• Nicole Gordon

Dylan Egon: Exclusive Interview with SOLD Magazine

Meeting you at the opening of Jonathan LeVine Gallery, now in your neighborhood, was a dream like experience for me. I have been seeing your work both on the streets and inside at gallery shows for years. Where did it all begin for you?


It began in two ways... One, with my parents, they were/are artists. I grew up in a large house in Redhook Brooklyn, both my parents worked from home making all kinds of art. I thought everyone lived like that, as I became older I rebelled, I didn't want to be an artist, I wanted to be something very foreign to my household... an athlete.


Two, the athlete thing went all the way to college in Alabama, playing tennis. But I also always loved music, and played in a band part time. Until I burnt out in tennis, went back to NYC, and decided to form a pop/punk/shoegazer band PAINT. I did the street art, flyers, and artwork to promote the propaganda. Mostly on the streets of lower Manhattan. I also made pop art to adorn the firehouse in jersey city the band inhabited, creating our own little world, kinda like The Village Voice described my band as 'The Beatles meets The Clash in Bladerunner.' When the band broke up... I continued making art. My first solo show was at the 58 Gallery in Jersey City, in 2003.

You have mastered so many mediums. Are there any you prefer more than others? Any medium that intimidates you that you want to experiment with?


I like to do many mediums especially for a solo show. The trick is to make them cohesive, and well composed to each other. I prefer a show to come across varied, I feel it's more interesting to the viewer. And much more fun and inspiring to create. It's kinda like looking at a show like an album, and making 'Sargent Pepper' as opposed to 'Rocket to Russia'. I enjoy moving around in mediums, my painting are made mostly to recreate as images to wheat paste, my collages, assemblages, and objects, are done because like a Frankenstein monster, I just want to give them life, and have them exist, and hopefully become almost like adored antiques someday. The metal work is the most challenging, from seeing the quality of available materials decline with each passing year, to pulling brass splinters out of my fingers, weeks later. But I can make a painting challenging too. See the blanket on 'Quanah'.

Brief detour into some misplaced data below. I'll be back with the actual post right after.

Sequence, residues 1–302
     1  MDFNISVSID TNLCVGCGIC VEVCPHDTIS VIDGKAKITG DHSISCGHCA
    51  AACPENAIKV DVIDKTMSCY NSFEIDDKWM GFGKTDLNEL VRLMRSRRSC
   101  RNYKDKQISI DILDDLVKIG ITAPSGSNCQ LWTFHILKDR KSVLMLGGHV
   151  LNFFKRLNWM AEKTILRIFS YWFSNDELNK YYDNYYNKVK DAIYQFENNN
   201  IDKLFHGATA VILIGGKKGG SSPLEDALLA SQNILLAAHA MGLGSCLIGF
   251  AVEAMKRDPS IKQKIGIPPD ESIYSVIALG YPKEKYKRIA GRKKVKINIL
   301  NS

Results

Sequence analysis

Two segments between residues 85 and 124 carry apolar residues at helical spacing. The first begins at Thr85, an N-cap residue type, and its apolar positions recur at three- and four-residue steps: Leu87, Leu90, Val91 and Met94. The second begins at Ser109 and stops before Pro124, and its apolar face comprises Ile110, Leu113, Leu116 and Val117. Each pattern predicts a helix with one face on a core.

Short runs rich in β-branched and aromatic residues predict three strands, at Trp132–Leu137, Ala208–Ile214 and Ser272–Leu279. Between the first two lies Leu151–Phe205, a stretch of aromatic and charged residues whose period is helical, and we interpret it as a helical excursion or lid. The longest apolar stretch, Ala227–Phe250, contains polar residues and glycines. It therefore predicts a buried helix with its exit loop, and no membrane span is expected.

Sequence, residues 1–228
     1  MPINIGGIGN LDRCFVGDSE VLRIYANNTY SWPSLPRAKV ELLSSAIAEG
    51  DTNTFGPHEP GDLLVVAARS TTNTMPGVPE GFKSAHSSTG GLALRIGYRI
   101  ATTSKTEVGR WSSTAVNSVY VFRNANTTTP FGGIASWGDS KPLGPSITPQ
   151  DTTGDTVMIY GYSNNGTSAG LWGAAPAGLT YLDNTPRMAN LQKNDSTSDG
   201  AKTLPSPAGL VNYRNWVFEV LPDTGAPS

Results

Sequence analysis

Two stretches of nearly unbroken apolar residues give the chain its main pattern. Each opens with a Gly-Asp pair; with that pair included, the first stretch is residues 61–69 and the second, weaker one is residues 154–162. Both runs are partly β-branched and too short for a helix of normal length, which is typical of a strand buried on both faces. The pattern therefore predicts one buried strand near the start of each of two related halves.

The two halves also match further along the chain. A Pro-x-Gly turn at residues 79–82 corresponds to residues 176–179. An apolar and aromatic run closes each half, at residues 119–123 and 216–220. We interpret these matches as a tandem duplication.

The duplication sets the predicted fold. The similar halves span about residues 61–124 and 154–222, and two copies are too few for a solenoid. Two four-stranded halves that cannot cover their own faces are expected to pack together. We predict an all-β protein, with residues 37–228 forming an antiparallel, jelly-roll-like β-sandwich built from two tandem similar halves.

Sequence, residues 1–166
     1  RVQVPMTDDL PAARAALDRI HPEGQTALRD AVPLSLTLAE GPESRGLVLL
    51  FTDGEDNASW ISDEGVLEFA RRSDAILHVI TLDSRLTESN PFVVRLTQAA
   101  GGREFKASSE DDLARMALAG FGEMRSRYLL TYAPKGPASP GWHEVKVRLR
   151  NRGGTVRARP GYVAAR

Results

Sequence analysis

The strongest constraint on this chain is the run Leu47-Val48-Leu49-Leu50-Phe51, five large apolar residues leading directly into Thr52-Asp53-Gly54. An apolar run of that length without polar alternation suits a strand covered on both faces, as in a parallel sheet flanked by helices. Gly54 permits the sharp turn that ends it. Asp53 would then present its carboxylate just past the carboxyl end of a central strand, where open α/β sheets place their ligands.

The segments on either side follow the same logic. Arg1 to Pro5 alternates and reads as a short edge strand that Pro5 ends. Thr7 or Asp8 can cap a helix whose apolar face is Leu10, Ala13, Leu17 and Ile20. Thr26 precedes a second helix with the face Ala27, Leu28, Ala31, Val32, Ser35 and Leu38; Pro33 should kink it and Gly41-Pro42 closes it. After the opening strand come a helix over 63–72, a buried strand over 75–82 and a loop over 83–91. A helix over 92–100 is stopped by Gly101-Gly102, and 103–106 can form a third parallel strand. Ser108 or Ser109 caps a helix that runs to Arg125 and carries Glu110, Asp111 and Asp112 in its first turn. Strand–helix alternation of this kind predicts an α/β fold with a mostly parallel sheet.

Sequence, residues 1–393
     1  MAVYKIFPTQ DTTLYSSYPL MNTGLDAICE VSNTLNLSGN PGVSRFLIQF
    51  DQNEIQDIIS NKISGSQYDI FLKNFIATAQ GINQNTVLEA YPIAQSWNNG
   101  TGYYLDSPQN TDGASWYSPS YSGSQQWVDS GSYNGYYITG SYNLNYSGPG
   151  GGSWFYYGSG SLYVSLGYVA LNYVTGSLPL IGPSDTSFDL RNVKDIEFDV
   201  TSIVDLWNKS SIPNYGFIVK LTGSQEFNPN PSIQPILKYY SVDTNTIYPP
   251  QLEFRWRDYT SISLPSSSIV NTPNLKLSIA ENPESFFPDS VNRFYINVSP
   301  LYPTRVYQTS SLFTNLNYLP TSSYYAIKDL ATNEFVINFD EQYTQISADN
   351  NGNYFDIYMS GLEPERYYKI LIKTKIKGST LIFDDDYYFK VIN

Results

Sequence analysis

When I make a piece, it's because I want it to exist. I have collected objects, and art work all my life, my father gave me an Egon Shiele drawing when I was young, he was his idol. I also collect vintage racing leathers, and motorcycle helmets, I used to collect action figures, and bicycles. So when I make art, I look at it as a piece to a bigger collection. The DE collection. I also find it more exciting for myself to incorporate objects, paintings, collage all into a show, I imagine it more interesting to the viewer as well. In 2009 I did a show of all oil painting, and by the time I was finished I was so bored with 2 dimensions... never again. I love oil painting, don't get me wrong, but it's so nice to do a painting, an object, then a collage, collages are so exciting when you add a new piece to the collage, the overall appearance changes drastically, and then you have to rebalance, and adjust the color palette, I really like making them. Assemblages are even more adventurous, and tricky. Then you have to keep in mind the paintings, and objects being shown together, and make sure they tie together, and flow, so it doesn't seem hodge podge. At my last solo show I made a modern version of a parlor-phone, simply because I thought it should exist. I work in metal, and all those pieces sell very well, but they are so hard to make. A piece may have 3000 nails in it, and every hole needs to be pre drilled. I think changing mediums keeps me excited about creating new work. And I am always interested in the next rabbit hole to fall into.

Please tell our readers of your collaborations with corporate clients and how you choose who to work with. Not all artists like the idea of working with corporate clients yet collaborating with Chanel, Dior, etc. I assume opens doors into other mediums and avenues of creativity. Your furniture is stunning, too!


Again being a collector I have always been obsessed with certain makers. Hermes was originally a tack company (horse products) and you can still see it in their leather goods. Plus their connection with Jane Birkin and Grace Kelly, two of my favorite actresses. I made some custom bags for them in 2008, and remade their wonderful orange boxes out of cedar, and painted enamel. They were for an Elle Magazine shoot. I took apart a 1920 Louis Vuitton trunk to figure out how to make one from scratch for my 'finis temporis' end of days trunk. Complete with my own pattern in 2010. That pattern would lead to a Pendleton blanket with re: brand and furniture with regeneration furniture. I did a few custom pieces for Chanel, a collaboration with photographer Jamie Nelson for notofu magazine to celebrate Coco Chanel's birthday. I am doing a YSL project right now, but it's still under wraps. I hope to have a car ready to show at a solo show in Manhattan in October 2017.

If you could collaborate with any artist, dead or alive, who would it be with and why? If I could collaborate with any artist it would probably be Joseph Cornell, Andy Warhol, Alexander Rodchenko, or Robert Rauschenberg. Too hard to choose... Evil Knievel would be good too.

Where can our readers learn more about both you and your work?

My website is dylanegon.us, but I am horrible about keeping up with it. You can find me on Instagram at @dylanegon.

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